Yeah. Well, challenging in part. The PS to that is that the Isle of Man fortunately has been COVID free for quite some time and life is relatively back to normal. So the island hasn’t suffered hugely as a consequence, which is wonderful and I feel very privileged again to be here. And I’ve been able to do a little bit of work with Manx Telecom and one or two others. So touch wood it’s worked out okay, but I feel this podcast is the springboard to global domination. No doubt about it.
Nathan Anibaba:
It definitely is. So after 30 years in the mobile and communications industry, talk about some of the most exciting changes that we’re now seeing in the industry. What are the most exciting things that you’re looking forward to or seeing?
David Smith:
Yeah, no, I’ve loved every minute of my time working in the telecommunications industry. If I hadn’t, I would have moved on. And product life cycles, just the pace in this industries is huge, and I just think it will continue to be relentless. It’s a very exciting industry. When I started out, fixed lines were what you used and payphones were everywhere. But mobile was just starting, and now everything is mobile. Email didn’t really exist, now it dominates business life. You think the power of applications you have on your smartphone, it’s real frightening, and it will continue. And from a pure telco point of view, the level of bandwidth needed to support those applications will continue to increase. Right now the priority for Manx Telecom and just about every telco around the world is to make sure that bandwidth is delivered, whether it’s fiber on the ground or 5G.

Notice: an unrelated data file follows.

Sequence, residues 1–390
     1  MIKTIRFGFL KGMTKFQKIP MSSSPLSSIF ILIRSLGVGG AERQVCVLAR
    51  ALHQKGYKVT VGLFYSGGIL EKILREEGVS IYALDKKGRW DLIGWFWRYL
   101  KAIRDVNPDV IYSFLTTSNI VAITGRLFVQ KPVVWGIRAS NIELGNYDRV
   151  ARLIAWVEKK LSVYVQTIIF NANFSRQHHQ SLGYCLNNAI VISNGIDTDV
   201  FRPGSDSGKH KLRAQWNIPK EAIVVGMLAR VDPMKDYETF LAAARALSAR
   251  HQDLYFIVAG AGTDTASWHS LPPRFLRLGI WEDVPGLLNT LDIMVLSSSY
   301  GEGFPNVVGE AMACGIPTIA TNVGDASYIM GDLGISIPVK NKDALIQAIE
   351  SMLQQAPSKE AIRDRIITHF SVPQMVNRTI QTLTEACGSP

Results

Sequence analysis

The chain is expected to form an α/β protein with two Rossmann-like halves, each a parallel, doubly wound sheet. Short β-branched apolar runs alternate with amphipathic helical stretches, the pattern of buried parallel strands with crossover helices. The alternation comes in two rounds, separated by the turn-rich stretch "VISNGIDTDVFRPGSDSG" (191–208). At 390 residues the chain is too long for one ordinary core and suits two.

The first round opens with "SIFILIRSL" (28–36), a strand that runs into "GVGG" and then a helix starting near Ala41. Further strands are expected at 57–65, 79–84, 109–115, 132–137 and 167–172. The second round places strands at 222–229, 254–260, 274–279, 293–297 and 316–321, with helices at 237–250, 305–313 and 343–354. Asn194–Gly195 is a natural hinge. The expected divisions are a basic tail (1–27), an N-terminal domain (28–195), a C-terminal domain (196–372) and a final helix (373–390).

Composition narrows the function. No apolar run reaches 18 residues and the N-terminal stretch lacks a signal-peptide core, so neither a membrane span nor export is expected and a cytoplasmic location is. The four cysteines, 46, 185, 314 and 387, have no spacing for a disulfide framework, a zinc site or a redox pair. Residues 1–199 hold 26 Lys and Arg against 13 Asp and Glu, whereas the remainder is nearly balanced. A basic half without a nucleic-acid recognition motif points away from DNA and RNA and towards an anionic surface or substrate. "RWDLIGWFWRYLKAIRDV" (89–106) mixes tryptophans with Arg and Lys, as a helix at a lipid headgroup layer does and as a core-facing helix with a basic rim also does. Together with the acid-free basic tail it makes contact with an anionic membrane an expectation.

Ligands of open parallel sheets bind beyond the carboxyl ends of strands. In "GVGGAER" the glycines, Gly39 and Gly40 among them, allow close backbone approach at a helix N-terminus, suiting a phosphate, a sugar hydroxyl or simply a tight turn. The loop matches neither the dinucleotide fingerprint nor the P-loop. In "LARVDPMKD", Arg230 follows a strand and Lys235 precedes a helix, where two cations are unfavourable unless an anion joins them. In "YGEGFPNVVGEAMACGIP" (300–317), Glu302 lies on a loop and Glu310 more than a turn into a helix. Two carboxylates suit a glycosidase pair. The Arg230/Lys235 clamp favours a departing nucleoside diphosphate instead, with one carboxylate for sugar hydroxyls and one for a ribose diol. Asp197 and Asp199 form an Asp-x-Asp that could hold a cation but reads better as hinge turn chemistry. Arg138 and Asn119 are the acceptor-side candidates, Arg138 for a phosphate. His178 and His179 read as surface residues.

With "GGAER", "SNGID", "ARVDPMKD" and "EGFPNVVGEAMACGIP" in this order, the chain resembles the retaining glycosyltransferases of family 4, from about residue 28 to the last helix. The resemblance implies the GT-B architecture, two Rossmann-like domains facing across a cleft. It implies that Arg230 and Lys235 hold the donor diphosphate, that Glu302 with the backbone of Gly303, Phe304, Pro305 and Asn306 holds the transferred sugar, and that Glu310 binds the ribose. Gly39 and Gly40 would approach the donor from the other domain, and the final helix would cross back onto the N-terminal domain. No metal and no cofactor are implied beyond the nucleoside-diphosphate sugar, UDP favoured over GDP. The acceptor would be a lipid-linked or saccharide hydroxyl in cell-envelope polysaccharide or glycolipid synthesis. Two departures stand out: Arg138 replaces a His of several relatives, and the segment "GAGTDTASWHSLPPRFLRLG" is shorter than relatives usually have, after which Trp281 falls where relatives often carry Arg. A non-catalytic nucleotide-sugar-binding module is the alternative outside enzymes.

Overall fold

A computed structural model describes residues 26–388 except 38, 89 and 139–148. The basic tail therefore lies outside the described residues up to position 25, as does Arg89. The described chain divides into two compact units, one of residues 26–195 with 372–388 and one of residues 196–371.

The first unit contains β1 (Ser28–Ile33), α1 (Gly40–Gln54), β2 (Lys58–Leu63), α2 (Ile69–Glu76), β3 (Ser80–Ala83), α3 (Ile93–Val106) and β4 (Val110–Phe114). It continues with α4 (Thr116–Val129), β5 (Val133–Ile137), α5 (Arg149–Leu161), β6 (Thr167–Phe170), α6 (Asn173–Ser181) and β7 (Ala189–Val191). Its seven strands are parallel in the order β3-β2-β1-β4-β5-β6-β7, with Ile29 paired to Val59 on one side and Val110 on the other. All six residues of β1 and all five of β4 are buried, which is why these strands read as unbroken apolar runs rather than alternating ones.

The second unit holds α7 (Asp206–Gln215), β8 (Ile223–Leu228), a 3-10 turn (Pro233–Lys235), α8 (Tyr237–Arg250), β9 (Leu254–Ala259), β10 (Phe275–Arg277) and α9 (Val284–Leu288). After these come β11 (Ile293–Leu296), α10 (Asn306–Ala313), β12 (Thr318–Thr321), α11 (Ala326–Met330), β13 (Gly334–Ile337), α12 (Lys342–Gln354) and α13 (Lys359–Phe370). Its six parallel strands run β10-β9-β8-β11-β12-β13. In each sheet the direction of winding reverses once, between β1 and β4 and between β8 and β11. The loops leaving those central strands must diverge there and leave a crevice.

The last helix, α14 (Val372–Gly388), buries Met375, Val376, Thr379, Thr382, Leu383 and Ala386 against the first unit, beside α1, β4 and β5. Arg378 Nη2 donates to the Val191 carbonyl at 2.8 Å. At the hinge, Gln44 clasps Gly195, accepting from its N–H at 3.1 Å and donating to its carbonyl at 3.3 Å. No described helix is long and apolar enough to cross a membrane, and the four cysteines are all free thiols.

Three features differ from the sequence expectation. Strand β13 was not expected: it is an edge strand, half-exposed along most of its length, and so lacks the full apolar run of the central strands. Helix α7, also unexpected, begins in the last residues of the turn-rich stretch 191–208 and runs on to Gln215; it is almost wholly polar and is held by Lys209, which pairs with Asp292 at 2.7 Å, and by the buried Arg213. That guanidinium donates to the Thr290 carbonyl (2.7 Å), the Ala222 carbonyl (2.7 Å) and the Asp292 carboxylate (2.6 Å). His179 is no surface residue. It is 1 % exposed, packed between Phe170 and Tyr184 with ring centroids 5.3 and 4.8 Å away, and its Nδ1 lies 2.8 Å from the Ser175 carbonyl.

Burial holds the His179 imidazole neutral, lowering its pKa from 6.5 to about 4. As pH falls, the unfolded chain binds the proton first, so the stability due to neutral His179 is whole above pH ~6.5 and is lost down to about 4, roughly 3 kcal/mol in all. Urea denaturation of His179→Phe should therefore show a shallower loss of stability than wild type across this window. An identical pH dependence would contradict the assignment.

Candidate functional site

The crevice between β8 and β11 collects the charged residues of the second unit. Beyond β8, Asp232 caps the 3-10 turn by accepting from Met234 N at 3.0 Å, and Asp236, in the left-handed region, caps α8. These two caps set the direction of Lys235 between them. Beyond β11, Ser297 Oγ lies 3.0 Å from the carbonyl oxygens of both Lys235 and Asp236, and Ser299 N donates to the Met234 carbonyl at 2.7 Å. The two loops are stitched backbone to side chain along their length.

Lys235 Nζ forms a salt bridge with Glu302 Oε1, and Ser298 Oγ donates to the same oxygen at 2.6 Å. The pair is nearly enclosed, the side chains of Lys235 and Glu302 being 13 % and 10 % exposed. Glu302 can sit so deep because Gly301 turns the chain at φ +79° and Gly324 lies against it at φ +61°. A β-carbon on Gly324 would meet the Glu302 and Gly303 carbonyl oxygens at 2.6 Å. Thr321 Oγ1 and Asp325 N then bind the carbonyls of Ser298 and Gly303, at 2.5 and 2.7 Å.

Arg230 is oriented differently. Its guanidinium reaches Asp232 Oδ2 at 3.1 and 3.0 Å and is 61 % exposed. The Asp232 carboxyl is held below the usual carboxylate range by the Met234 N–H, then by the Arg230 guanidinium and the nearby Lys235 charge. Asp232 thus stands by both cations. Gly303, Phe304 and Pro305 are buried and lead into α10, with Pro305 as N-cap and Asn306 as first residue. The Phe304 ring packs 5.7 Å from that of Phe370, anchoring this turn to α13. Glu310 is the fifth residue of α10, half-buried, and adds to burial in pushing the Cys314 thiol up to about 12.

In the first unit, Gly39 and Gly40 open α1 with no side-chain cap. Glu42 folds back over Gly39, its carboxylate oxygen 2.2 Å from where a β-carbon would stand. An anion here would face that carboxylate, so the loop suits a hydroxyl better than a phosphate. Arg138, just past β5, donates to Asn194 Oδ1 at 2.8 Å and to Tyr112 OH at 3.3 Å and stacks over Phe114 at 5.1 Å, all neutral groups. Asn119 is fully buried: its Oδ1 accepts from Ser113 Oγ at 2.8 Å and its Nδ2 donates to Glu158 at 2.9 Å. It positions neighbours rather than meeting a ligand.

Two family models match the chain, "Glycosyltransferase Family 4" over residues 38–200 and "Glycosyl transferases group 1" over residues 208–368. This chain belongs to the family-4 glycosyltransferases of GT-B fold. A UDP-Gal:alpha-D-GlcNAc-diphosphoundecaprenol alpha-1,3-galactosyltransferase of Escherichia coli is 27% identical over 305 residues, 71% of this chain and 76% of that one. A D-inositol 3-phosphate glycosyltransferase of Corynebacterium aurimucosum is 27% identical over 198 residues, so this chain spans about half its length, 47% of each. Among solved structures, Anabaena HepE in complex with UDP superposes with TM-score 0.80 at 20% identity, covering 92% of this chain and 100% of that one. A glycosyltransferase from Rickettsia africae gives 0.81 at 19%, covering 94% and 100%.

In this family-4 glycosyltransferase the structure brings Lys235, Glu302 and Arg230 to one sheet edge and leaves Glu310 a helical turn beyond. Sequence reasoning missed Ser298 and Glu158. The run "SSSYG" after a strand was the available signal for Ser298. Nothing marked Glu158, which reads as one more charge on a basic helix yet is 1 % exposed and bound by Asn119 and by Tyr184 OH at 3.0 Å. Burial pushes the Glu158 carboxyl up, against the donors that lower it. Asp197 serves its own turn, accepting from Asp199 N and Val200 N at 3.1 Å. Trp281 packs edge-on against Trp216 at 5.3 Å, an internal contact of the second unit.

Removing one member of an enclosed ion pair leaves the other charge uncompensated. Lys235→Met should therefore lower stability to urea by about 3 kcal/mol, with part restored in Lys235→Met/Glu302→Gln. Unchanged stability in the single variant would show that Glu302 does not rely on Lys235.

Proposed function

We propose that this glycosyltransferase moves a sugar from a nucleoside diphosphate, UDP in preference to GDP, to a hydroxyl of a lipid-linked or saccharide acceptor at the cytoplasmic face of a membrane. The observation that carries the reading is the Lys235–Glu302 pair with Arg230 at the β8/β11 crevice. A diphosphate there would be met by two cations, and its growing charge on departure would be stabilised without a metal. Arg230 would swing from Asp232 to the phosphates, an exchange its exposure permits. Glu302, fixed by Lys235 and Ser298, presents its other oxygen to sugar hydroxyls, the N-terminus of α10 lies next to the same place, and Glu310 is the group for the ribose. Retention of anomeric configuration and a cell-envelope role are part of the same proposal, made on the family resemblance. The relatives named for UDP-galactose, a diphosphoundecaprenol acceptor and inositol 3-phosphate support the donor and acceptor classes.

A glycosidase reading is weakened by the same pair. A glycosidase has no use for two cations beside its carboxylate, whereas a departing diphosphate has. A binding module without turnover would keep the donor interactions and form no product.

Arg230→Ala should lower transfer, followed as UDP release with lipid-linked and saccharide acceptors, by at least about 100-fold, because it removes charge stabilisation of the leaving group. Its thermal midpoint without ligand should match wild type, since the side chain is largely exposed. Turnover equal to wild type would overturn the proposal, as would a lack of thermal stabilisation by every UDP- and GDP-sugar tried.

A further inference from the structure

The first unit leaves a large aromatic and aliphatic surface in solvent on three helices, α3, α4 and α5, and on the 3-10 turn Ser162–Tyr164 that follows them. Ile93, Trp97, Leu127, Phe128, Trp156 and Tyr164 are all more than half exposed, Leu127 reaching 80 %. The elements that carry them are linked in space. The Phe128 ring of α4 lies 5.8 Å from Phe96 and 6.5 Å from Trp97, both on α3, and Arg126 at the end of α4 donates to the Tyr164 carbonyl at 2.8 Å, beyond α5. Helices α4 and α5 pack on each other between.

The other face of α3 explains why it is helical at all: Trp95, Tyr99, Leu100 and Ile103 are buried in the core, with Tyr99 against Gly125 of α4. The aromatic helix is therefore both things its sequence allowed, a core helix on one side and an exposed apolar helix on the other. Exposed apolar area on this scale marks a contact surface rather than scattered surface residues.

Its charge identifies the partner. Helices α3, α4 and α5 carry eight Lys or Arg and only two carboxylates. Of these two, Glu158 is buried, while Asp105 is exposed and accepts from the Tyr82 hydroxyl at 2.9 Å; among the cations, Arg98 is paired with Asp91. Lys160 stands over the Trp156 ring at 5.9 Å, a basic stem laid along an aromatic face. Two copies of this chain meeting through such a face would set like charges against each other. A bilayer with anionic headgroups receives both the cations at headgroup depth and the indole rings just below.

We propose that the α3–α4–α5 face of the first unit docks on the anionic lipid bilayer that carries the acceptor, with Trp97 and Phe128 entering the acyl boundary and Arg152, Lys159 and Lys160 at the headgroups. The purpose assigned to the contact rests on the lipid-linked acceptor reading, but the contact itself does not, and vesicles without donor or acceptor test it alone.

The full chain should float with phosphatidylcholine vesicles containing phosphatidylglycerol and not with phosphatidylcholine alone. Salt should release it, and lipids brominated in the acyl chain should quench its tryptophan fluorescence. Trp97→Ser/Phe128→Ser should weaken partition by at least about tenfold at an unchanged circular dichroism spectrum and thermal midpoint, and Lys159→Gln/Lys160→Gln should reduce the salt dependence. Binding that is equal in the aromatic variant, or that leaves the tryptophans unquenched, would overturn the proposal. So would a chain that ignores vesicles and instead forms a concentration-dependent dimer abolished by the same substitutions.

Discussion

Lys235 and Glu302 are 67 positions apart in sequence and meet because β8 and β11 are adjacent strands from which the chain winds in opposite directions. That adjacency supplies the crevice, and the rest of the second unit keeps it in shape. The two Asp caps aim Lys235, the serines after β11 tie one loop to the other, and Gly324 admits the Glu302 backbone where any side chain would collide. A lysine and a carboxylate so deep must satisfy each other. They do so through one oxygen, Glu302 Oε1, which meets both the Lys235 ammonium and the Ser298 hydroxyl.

Nathan Anibaba:
Did you ever think, when starting in the industry 30 years ago, that you would see the level of innovation and technological sophistication that we’re now seeing with our mobile phones and personal computing? Question part A, and part B what does the next 30 years look like?